Wednesday, January 14, 2009


I just replied to a comment by Steve to the previous post, and I realized that some of this information might be of interest to a broader audience (if you are like me, you probably skip the comments section, or get distracted at the second one...)

Steve guessed, correctly, that the figures shown in the pictures had been "dipped." Correct! If you look through some my old posts in the "Painting" category, you will find more examples about my dipping technique. I use MinWax Polyshade, a product to treat wood,easily available in American hardware stores. Depending by the effect I want to create, I use either the "Tudor Satin" finish, which is basically black (although MinWax has now a new shade which is officially 'Classic Black"), or the "Royal Walnut", which is more brownish-reddish (it works very well for natives in the colonial period; I once tried "Honey Pine" to create a sandy effect on bedouins, though, but it was a complete disappointment.) In the case of my WSS miniatures, it was "Tudor Satin."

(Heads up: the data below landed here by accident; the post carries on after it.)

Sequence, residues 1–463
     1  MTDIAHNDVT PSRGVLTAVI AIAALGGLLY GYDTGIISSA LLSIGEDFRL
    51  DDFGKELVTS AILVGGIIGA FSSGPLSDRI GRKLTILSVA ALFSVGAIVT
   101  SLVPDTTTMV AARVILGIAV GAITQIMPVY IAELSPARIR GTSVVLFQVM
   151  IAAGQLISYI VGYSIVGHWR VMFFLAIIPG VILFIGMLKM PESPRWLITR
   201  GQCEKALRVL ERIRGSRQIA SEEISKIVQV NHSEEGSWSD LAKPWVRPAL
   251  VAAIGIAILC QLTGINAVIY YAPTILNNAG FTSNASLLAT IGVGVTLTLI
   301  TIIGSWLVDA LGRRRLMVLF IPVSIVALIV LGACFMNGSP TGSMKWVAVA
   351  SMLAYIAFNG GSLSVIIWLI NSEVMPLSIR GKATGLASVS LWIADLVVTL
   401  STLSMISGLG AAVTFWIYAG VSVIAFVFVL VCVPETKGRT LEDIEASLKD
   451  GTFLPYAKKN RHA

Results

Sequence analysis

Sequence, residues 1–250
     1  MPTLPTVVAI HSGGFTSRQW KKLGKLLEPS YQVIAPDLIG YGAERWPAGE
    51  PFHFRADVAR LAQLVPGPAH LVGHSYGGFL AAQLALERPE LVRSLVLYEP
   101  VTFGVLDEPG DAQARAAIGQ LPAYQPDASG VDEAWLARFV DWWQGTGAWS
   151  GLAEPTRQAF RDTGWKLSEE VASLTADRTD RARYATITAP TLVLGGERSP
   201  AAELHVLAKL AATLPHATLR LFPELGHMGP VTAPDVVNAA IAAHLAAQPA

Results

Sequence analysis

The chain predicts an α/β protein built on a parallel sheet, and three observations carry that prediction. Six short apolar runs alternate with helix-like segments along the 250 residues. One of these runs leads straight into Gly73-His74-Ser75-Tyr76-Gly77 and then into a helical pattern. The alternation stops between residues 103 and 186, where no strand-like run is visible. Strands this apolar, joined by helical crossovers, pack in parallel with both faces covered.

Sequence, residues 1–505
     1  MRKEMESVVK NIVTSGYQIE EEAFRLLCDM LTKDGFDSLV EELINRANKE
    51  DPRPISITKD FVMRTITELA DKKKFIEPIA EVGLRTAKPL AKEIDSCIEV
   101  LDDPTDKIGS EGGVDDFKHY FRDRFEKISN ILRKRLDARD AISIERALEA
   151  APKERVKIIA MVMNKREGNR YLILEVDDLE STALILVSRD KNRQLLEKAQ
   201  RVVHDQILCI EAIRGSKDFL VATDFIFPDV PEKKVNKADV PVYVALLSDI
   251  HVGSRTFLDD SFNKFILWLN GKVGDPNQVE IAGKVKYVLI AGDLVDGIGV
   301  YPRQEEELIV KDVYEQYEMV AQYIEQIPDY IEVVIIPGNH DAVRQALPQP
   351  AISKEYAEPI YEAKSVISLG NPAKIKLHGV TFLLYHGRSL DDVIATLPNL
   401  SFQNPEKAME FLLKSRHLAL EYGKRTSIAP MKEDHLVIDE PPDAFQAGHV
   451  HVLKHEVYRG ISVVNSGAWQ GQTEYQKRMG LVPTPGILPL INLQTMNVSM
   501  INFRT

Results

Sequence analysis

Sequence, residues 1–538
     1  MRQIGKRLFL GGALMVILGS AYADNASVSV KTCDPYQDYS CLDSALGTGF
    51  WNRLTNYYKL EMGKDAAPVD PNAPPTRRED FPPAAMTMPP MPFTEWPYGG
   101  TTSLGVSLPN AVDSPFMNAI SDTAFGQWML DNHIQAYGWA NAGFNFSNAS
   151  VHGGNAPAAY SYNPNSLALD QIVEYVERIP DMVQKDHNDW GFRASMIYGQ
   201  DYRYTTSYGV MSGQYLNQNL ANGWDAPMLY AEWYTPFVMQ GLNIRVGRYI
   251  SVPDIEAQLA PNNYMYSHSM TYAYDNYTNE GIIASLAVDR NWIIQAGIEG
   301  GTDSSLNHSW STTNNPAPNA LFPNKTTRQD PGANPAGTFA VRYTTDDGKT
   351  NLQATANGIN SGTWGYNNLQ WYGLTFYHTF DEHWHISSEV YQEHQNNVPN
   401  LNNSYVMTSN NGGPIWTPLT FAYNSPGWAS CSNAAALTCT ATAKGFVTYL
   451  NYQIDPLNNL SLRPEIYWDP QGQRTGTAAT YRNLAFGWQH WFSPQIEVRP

Strictly speaking, I actually do not "dip", but I apply the finish with a brush, as I like to control the final effect. In particular, as a matter of personal taste, I like white to remain white, rather then turning "dirty grey" as it may happen in case of too heavy dipping. Occasionally, I leave the figures to drip upside-down on some support of sort to get rid of the excess dip. As a general pattern, results are excellent on miniatures primed in white and painted in bright colors; the effects are barely noticeable on dark colors (check the Palatine infantry, in dark blue, in the previous post.) And on miniatures primed in black, a dark dipping may result in figures excessively dark, at least for my taste -- as documented here.

In general, I am a fan of dipping. While it does not shorten my painting time, as I tend to detail my miniatures quite a bit anyway, it really add that special shading that, to my eyes, turns a painting job from B- (here) into an A- (here).
But again, as we say in Italy, "ogni scarrafone e' bello a mamma sua": every cockroach is beautiful to his mommy's eye, thus I tend to have a weak spot in grading my own figures...

1 comment:

Bluebear Jeff said...

I often use a diluted brown ink to get a similar effect . . . although I believe your Minwax adds a protective coat at the same time.

-- Jeff